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Idiopathic Urticaria

Idiopathic Urticaria

A condition that is characterized by hives and itching, idiopathic urticaria may develop without any known cause and last for around six weeks. Here is a brief overview about the same.
Sonia Nair
Last Updated: Feb 8, 2018
Urticaria is the medical term used to denote hives, which are characterized by dark red, itchy bumps. Such raised bumps with red borders can develop anywhere on the skin, and are commonly referred to as 'wheals'. Usually, hives develop as allergic reactions. The condition may also be linked to other causative factors. In some cases, hives last for more than six weeks, and this condition is termed chronic urticaria, which is usually, not caused by allergies.
Studies suggest that, most of the people with chronic urticaria has an idiopathic (unknown) cause. In such cases, treatment becomes difficult as the cause is unknown, and the skin of the patient gets scarred due to the continuous scratching. In most cases of chronic idiopathic urticaria, the patients develop secondary depression and angioedema. In children, the condition is usually found to be chronic.
Chronic Idiopathic Urticaria
It can be defined as a condition, which is characterized by hives and constant itching that develop without any obvious cause, and last for at least six months or more. As the condition is not studied properly, it becomes difficult for doctors to prescribe an effective treatment method. However, recent studies show that at least 30 to 50% of the chronic idiopathic urticaria patients suffer from the condition, due to autoimmune disorders. The remaining 50% can be truly idiopathic, as no other cause has been identified for their condition. Even though, it has been proved that autoimmune disorders can cause chronic idiopathic urticaria, there is no specific method for diagnosing such conditions. In some cases, immunotherapy has been found to be beneficial.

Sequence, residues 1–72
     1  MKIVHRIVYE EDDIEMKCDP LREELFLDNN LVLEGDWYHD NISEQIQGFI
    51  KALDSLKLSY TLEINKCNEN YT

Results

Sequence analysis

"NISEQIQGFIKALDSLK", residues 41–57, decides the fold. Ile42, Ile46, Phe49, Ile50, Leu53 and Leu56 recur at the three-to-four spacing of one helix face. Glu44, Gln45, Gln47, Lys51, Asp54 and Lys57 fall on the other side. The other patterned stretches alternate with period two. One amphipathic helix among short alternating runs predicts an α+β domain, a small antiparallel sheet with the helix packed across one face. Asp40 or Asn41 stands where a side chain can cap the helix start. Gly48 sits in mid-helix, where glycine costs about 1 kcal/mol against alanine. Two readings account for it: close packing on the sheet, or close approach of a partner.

Treatment
As there is no definite cause for this condition, prescribing an effective treatment is also difficult. The treatment involves managing the symptoms, i.e, the hives. An effective urticaria treatment option is antihistamines. However, relevant antihistamines must be used for a longer period, that too in proper doses. A drug, which was earlier used for treating malaria, is said to be beneficial for those affected with autoimmune idiopathic urticaria. Recent trials show a success rate of 80%, when used for a period of three to four months.
In short, chronic idiopathic urticaria is a serious form of urticaria, with hives that last for over six months, along with itching. It has been suggested that, almost 40% of such cases are caused by autoimmune disorders, the remaining ones do not have any specific cause. Studies regarding the condition and its treatment, are still underway. As of now, the treatment is aimed at alleviating the symptoms. However, self medication should be strictly avoided.
Disclaimer: This article is for informational purposes only, and should not be used as a replacement for expert medical advice. Visiting your physician is the safest way to diagnose and treat any health condition.